Category : Utilities for DOS and Windows Machines
Archive   : U-UTILS.ZIP

Output of file : DOCUMENT.TWO contained in archive : U-UTILS.ZIP

(15) Appendix A: The FreeSoft Duplication Policy

Before we get into the meat of how FreeSoft is going to make you a
billionaire, we'd like to give you a little background on how the
Ultra-Utility series came to be. The software authors at FreeSoft
have been professionally involved with microcomputers since 1977.
When our IBM-PC became a member of the family, we were constantly
blowing up diskettes. This, of course, was before any utility
programs of value existed for the PC. Hoped as we did for help, the
Norton Utilities finally showed up and we snatched one of the first
packages that arrived at our local dealer. Although the Norton
Utilities are a fine piece of programming, we were still
disappointed. We suppose that the programs were great for the PC,
but being old-timers and certified hackers besides, we were spoiled
for what 80-bucks-plus-tax could buy in the way of utilities for our
other in-house micros. To make a long story short, we did what any
self-respecting computerphiles would do. We reinvented the wheel,
only made it round this time.

Several thousand gallons of Pepsi later, the Ultra-Utilities emerged
(TA-DA!). Everyone we showed it to alternated between spasms and
wild-salivation. We thought we had a winner. The next problem was
how to sell the damn thing. We don't know, but we think a company
would have to be nuts to plunk down a couple thousand clams for a
small-shot ad in some of the phone-book sized IBM-PC magazines.
Sandwiched in there between a million other products just didn`t seem
to be the way to get good exposure. Submitting it to a software
publishing house for distribution didn't seem like a good choice
either. A machine language game we had written for the TRS-80 sold a
grand total of 11 copies (to date) once we had submitted it to a
publisher . The problem is that you are at the mercy of how much
the publisher is willing to spend for advertising. (Games for the PC?
Hmmmm...). At any rate, it sure was funny that so many TRS-80
BBS's had rave reviews of the game. Those eleven guys sure had a lot
of friends. That brought us to the final problem. Could we afford
not to copy-protect the Ultra-Utilities? Much as we hate protected
software, when it's your money on the line you seem to modify your
feelings a bit.

When we started seeing programs distributed on the User-Supported
basis, the old cogs really started spinning. Now here was a way to
get maximum exposure at minimum cost. Instead of trying to defeat
the many ways that software gets passed around, you take advantage of
them. The whole thing relies on the fact that most of you folks are
honest users who will support a company that gives you a good
product. Having been burned by some products that didn't live up to
their claims, we certainly agree that the best way for a person to
evaluate a package is to have it in their hands and run it through
its paces on their own terms.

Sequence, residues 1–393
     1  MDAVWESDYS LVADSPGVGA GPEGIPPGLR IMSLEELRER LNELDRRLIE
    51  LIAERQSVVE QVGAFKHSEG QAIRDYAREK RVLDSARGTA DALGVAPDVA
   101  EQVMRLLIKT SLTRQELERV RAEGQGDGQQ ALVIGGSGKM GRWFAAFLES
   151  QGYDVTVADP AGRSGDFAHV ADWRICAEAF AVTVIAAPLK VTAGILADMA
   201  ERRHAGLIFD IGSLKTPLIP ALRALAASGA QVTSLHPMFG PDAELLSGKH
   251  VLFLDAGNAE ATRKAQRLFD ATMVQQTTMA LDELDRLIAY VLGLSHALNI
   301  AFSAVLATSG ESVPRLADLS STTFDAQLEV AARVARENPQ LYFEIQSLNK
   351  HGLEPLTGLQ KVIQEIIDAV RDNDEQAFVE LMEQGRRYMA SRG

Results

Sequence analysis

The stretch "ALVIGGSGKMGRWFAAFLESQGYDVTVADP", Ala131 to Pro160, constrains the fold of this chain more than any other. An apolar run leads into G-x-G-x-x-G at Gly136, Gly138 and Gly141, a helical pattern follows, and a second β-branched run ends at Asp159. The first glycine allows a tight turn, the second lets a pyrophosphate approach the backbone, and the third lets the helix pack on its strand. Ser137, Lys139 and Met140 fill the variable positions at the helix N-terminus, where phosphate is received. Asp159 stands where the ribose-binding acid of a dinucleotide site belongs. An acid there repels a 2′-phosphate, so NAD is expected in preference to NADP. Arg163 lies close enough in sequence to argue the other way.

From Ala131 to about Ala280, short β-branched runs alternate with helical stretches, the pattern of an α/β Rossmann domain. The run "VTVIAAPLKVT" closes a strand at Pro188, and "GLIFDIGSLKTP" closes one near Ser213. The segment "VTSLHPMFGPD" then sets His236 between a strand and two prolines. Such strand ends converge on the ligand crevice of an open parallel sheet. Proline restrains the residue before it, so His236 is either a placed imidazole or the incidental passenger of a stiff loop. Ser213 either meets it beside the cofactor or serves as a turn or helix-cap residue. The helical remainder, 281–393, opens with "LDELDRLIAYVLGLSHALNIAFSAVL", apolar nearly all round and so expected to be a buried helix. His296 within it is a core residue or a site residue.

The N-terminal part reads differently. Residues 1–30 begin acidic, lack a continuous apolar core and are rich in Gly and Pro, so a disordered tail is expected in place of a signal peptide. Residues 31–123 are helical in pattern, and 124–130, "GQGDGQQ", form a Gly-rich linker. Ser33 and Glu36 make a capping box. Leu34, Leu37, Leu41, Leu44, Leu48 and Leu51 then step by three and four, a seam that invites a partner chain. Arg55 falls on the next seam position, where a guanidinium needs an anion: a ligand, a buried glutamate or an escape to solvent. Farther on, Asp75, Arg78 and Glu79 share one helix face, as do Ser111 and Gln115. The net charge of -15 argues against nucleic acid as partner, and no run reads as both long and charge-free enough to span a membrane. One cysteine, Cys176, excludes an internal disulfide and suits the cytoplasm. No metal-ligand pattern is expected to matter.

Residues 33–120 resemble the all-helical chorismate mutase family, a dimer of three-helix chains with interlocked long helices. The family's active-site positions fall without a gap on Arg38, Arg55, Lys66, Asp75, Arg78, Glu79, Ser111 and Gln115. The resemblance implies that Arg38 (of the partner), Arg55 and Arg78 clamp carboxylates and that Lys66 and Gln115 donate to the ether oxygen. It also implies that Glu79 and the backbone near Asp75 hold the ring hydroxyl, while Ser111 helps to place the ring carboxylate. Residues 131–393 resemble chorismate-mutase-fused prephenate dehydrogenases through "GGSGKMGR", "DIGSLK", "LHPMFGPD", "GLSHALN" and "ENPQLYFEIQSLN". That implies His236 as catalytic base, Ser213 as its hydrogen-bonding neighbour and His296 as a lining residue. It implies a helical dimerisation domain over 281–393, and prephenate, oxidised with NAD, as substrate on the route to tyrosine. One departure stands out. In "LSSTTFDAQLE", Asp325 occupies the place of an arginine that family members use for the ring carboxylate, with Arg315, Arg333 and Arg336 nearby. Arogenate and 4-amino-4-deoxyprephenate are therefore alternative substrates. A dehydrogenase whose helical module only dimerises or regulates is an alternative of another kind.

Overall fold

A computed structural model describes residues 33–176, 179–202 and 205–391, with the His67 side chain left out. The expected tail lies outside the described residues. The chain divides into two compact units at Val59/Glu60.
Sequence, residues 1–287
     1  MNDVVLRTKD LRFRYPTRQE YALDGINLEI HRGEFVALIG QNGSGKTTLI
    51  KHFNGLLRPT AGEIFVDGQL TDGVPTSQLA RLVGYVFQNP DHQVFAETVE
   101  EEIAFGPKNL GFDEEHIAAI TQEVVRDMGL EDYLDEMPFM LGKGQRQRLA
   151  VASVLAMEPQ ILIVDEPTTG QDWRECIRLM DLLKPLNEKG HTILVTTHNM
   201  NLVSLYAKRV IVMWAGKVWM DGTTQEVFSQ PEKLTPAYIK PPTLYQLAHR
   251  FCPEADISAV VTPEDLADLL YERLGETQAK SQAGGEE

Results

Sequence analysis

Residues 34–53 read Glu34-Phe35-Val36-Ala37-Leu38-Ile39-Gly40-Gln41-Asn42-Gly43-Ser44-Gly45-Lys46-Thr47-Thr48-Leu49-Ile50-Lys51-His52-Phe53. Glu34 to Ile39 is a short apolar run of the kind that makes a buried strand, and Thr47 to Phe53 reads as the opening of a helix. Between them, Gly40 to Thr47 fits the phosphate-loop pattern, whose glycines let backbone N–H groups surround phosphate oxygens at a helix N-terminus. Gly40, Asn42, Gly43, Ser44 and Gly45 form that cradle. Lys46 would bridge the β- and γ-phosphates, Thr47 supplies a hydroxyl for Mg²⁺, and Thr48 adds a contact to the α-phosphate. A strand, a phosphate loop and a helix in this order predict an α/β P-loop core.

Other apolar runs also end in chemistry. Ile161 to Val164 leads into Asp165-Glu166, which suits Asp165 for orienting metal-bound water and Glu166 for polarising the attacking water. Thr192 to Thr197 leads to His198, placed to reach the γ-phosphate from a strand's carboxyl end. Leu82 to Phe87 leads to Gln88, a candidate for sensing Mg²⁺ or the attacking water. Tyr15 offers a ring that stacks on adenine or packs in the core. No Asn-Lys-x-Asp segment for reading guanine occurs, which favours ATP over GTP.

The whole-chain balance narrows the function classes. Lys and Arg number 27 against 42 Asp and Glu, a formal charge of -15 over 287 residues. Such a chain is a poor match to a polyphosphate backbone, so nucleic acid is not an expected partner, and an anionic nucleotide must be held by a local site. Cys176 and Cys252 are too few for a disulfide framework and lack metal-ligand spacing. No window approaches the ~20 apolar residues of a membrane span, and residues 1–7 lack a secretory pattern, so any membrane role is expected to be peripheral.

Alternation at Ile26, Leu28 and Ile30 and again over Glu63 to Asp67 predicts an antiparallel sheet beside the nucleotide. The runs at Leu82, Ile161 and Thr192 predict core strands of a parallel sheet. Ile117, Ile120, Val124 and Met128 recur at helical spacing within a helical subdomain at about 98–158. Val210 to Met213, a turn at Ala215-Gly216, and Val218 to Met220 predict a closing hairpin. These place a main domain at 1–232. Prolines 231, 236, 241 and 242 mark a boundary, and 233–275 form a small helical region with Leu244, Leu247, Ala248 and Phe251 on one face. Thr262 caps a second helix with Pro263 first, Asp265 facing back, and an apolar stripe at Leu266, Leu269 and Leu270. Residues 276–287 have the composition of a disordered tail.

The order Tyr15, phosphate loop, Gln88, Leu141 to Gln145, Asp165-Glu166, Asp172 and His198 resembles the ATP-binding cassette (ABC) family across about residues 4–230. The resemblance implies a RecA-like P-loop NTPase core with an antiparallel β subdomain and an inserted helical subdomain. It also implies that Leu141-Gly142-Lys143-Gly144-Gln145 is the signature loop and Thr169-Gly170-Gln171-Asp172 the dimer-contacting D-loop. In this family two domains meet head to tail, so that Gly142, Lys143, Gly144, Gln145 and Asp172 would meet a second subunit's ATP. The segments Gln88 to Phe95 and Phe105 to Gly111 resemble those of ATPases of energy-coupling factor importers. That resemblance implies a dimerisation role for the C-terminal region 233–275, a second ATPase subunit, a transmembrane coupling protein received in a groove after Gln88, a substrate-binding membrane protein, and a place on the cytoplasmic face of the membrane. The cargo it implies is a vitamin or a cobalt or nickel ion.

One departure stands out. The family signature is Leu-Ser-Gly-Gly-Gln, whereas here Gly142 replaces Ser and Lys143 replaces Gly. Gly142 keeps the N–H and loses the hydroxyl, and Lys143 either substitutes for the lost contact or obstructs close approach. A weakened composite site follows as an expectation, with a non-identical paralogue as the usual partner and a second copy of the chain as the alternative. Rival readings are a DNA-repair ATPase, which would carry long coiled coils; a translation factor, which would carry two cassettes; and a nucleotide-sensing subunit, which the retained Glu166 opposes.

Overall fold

Therefore, we have decided to release the Ultra-Utilities by means
that will be the acid-test for the package. Give it away! If you
don't like it - pitch it. If you like it but can't afford the
registration fees, we'll appreciate any donation you care to make.
If you like it and want to support us, we hope you'll consider
becoming a registered user. Please think this over. If you want to
see more software from us, we'll have to make a decent enough go of
this to justify it. Without further pathos, let us make you an offer
of solid committment. You support us, we'll give you your money's
worth and more.
One thing is for sure, the quality of many User-Supported programs
certainly rivals, and in many cases exceeds, that of commercial
software costing much more. We hope you'll make User-Supported
software an experiment THAT WORKS!

Enough Coddling, Now On To The Good Stuff!

If you feel the Ultra-Utilities are a good product that is worth
supporting, we've got a deal for you! Here's the duplication policy
for FreeSoft products:

A) We not only encourage you to share this product with your
friends, we will make it worth your while. All we ask is
that you distribute the package as a whole in disk file form
as you would receive it from us. (If you didn't get your copy
from us, that means that the following files should be on any
copy you give out: U-ZAP.EXE, U-FILE.EXE, U-FORMAT.EXE,
DOCUMENT.ONE, and DOCUMENT.TWO). We also do not allow anyone
to charge money for a copy of our product. If you must charge
for the diskette(s), you may charge no more than $8.00 total
for all diskettes included with the Ultra-Utilties without
special written permission from FreeSoft.

B) You'll notice that on the main menu of each program is a
serial number. When you become a registered user, we will ask
you what serial number is on your copy. This does two things,
it tells you what version you have so we can send you the
latest if necessary, and it tells us where your copy
originated. We will then give you a new serial number with
the registered copy of the Ultra-Utilities we send you. When
someone registers and gives us your serial number, you get a
check from us for $10. If you give a copy to every member of
your users group or even put it up on a BBS, every time someone
registers you get ten bucks, just like that. Remember, in
order to get this commission, you have to register your copy
with us before giving out any copies. Don't underestimate the